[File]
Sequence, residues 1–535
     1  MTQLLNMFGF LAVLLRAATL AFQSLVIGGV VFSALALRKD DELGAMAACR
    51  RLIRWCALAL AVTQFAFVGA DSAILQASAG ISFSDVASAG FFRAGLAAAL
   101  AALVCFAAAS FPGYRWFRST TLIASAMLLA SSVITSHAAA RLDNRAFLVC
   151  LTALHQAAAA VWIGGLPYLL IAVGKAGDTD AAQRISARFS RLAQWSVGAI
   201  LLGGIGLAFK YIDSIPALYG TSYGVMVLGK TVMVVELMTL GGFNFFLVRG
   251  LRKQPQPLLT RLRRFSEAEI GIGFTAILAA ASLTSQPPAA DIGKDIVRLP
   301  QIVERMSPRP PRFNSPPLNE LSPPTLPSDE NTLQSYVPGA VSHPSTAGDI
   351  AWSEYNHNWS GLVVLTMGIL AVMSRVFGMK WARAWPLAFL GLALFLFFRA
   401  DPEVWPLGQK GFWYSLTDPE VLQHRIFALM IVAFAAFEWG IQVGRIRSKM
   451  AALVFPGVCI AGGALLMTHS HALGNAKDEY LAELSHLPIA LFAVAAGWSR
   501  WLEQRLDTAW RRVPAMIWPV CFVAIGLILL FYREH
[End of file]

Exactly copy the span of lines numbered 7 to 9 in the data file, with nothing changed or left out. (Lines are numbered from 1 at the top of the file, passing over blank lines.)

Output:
   251  LRKQPQPLLT RLRRFSEAEI GIGFTAILAA ASLTSQPPAA DIGKDIVRLP
   301  QIVERMSPRP PRFNSPPLNE LSPPTLPSDE NTLQSYVPGA VSHPSTAGDI
   351  AWSEYNHNWS GLVVLTMGIL AVMSRVFGMK WARAWPLAFL GLALFLFFRA